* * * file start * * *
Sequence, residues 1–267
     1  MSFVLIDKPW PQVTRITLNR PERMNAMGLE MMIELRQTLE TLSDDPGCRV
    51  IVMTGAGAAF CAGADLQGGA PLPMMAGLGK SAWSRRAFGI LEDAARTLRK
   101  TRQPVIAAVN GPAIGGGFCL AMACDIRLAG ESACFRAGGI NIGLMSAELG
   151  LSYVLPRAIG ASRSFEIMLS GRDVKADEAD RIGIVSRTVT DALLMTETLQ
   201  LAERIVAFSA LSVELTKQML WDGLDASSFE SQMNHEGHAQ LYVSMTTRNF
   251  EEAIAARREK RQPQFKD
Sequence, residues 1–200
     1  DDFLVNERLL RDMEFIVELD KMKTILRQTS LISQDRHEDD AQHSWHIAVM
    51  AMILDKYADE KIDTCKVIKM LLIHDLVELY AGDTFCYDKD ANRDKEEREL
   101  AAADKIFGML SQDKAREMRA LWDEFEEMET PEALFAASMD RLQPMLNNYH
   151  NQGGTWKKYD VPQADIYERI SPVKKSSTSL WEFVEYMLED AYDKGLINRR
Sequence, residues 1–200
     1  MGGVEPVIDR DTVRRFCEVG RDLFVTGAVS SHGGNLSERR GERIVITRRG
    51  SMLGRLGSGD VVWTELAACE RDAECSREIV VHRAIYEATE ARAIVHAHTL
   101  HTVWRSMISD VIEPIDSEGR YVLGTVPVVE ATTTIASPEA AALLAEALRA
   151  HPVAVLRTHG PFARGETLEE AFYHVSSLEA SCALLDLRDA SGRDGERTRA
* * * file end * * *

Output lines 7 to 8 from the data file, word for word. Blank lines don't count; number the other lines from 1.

   251  EEAIAARREK RQPQFKD
Sequence, residues 1–200